One of the most popular current forms of AI is ChatGPT, an algorithm that develops text for stories, articles, and so on, given just a limited amount of human input. It is trained to follow an instruction and provide a detailed response.

The resulting text can fool even the experts. For instance, scientists were unable to distinguish scientific article abstracts written by AI from those written by real people, according to a 2023 article in the journal Nature by H. Else. It is easy to see potential problems here for the integrity of scientific endeavour if AI pervaded the scientific method.

On a broader note, academic integrity is effectively threatened by AI. At my university campus, cases have been found where students have used ChatGPT to write their papers. Software is needed to detect these cases more reliably, but is presently not dependable. ChatGPT will be challenging for education.

Apart from academic integrity, another concern is that ChatGPT lacks a “feel” for how humans frame our communication. So often with human communication, the “life” surrounding what we say adds extra nuance and deeper levels of meaning—but ChatGPT leaves this out by generating generic responses.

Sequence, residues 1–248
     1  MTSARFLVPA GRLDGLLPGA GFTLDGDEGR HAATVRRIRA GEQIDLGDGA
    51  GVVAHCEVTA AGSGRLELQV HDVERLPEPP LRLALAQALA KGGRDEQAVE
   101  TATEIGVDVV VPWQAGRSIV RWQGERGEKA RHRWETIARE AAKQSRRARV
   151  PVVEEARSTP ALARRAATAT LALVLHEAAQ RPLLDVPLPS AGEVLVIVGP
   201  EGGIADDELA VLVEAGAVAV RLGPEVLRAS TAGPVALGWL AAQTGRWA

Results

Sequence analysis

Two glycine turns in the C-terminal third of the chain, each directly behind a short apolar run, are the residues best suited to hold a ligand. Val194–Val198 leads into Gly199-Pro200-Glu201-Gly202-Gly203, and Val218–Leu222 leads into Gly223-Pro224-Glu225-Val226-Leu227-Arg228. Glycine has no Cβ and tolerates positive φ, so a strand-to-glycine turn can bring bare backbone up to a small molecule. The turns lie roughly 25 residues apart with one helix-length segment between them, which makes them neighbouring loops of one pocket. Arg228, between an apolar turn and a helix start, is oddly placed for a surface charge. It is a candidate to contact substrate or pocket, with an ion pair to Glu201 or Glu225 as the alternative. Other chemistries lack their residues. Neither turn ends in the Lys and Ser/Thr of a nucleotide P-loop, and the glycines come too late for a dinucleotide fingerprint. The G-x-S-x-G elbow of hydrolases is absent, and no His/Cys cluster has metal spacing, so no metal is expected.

For example, a group of theologians asked ChatGPT to write a sermon on the Feast of the Transfiguration. Most of the resulting sermon was accurate with an appropriate description of the feast. But the ChatGPT-generated sermon was generic—it was applicable in a broad variety of situations whereas sermons by pastors are typically written to suit a particular parish for a particular day.

Similar observations about the limitations of ChatGPT can also be made with ChatGPT’s creation of art and movie scripts. To date, the art has been generic with little originality, has lacked the detail of human art, and also suffered from the biases of the internet. Further, a movie script written by an AI bot in 2016 and developed into a film lacked logical links: it is not clear how one line follows from the other.

A major concern is over the inherent bias that comes either from the AI itself or from the training datasets that were used to generate the AI. For example, when AI was asked to do a photo identification of a blurry picture of Barrack Obama, it featured him as a white man rather than being true to his dark skin colour. Another concern is that AI pre-trains the datasets for a world someone thinks “should be” instead of the world that is.

Difficulties in controlling AI have also been noted. Some scholars are worried about the vast knowledge that AI can amass. In a May 2023 BBC news article AI “godfather” Geoffrey Hinton warned of the dangers that AI can pose to humanity. In particular, he was concerned about AI generating humour and “laughing” at issues insensitively, or generating insults and expressing sarcasm heartlessly.